Saturday, July 14, 2012

I don't know that I'd admit that

I think I've mentioned before that I mainly use Swagbucks as a source for Amazon gift cards.  It works out well, though I'm not as industrious as some folks.  Yesterday my most recent $5 card hit, and since that brought me up to $15 I decided to hit Amazon for the Kindle edition of Chinaberry Sidewalks, Rodney Crowell's memoir of his childhood in Houston.

If you've paid half a bit of attention to this blog, you know that Erik & I are huge Crowell fans.  His album Houston Kid is one of the best country albums of the past decade (it was released in 2001).  Chances are I'm going to enjoy this book one way or another, but I decided to scan the reviews anyway.  It's a 4.5 star book, and I was curious about the couple of 2 star reviews.

Well, this one appears on the product page itself:
Look at that first sentence.  "Unnecessarily big words and complicated run-on sentences."  I'm only 10% of the way through the book right now, but I haven't encountered a single run-on sentence.  There are some very long and complex sentences, but the proper punctuation is there.  And big words?  Well, yes.  This is Rodney Crowell, for chrissakes, a man who has been writing story songs longer than I've been alive--he wrote "Ain't Living Long Like This" and co-wrote "Leaving Louisiana in the Broad Daylight", just to give you a hint.  It's not like you're reading Luke Bryan's autobiography, mmkay?  Expect big words.

I know that book reviews on Amazon are prone to people giving low scores for books they just don't like, but this review is evidence of a subset that makes me wonder about the authors.  These are the "the book was too hard" people.  Really, I'm not sure what would prompt someone to want to admit to the whole internet that their reading comprehension wasn't up to the task.  I guess these are the same people who buy books like Sex for Dummies.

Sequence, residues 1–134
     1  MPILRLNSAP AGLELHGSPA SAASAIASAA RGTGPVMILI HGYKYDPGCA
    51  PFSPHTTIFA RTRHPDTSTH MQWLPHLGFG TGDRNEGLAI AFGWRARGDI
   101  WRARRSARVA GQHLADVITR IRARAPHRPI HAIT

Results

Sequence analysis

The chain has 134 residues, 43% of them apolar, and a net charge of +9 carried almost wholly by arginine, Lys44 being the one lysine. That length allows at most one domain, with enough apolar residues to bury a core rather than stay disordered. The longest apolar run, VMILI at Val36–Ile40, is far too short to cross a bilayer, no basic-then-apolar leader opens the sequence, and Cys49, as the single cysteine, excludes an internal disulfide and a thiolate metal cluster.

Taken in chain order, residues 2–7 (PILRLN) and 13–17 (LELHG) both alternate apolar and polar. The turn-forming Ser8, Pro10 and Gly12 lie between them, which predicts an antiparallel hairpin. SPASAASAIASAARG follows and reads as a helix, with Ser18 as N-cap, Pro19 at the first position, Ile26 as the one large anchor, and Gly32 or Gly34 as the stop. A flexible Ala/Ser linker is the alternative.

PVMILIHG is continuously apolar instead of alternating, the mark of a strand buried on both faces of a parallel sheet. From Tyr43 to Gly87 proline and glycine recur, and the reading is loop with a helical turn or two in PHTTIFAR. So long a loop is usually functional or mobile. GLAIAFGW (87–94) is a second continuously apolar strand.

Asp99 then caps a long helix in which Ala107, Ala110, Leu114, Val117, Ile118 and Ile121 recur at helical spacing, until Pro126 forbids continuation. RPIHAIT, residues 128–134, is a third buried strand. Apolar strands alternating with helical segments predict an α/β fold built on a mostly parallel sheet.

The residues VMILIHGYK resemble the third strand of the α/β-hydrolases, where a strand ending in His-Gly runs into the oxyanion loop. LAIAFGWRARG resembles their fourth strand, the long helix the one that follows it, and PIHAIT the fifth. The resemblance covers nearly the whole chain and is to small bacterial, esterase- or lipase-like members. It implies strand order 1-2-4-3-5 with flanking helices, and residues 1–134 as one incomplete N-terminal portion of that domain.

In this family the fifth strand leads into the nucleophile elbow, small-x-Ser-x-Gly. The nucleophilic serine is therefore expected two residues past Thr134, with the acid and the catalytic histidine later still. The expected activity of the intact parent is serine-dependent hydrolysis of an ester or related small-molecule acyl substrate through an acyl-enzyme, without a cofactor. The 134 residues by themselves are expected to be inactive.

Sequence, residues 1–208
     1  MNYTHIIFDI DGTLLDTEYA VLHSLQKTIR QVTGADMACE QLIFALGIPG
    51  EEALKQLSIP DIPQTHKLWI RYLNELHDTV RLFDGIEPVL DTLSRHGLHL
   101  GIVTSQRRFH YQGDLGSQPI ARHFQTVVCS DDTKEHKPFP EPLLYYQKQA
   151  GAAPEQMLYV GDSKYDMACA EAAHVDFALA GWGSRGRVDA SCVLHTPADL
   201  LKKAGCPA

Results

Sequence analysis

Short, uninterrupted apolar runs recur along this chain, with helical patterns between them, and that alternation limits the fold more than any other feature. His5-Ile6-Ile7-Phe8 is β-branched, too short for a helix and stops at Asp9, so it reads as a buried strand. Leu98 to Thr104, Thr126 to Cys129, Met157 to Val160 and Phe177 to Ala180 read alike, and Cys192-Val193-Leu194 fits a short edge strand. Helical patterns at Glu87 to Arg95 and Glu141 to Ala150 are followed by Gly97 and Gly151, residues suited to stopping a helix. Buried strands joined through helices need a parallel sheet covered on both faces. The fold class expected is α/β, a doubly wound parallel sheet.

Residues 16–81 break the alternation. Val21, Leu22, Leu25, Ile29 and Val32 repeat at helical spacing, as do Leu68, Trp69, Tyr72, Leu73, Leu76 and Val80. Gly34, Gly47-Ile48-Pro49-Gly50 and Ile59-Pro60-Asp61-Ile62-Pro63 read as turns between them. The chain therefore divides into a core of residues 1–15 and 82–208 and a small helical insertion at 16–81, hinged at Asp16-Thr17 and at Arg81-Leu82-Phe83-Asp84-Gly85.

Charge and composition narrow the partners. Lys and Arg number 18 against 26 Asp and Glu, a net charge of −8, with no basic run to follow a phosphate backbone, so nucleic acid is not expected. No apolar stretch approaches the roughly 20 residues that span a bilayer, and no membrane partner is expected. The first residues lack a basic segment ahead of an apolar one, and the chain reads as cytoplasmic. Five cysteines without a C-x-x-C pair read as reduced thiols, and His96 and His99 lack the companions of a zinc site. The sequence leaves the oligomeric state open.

For the record, here's a brief excerpt from where I am right now:

A similar disdain for preparation will become the hallmark of my adult life, winging it at all costs my Achilles' heel and "damn the torpedoes" my battle cry.  Like my father before me, I'm a spur-of-the-moment snob who looks down my nose at those who plan ahead.  Family vans cruising down the highway with all their vacation gear securely fastened on the top bring out the worst in me, my gut reaction being to ram bumper car-style into the driver's side door and wreck both automobiles.  A voice inside my head shouts, I am my father's son.  I came into this world unprepared, and I expect to die the same way.  All you Boy Scout sons of bitches better learn to steer clear of J. W. Crowell's boy.
As kind of a sidenote, I want to mention one more thing a lot of reviewers have complained about: namely, there's not enough about Crowell's music career in this book.  While I don't doubt this is true, I think anyone complaining about it is just as much of an idiot as M. Coggin's husband up there.  The very first sentence of the book's description? "From the acclaimed musician comes a tender, surprising, and often uproarious memoir about his dirt-poor southeast Texas boyhood."  I'm not sure what part of that reads like "learn all about Crowell's music career" to people, but...yeah.


Dave said...

Now that is some tricky writing right there.

Wouldn't it have been funny if the wife could read big words and such, and concluded in her review that, "no, my husband is just a dumb ass."

Albatross said...

I'm not familiar with Crowell, and I hope he's nothing like how he describes himself in that excerpt you posted.

He sounds like an asshole.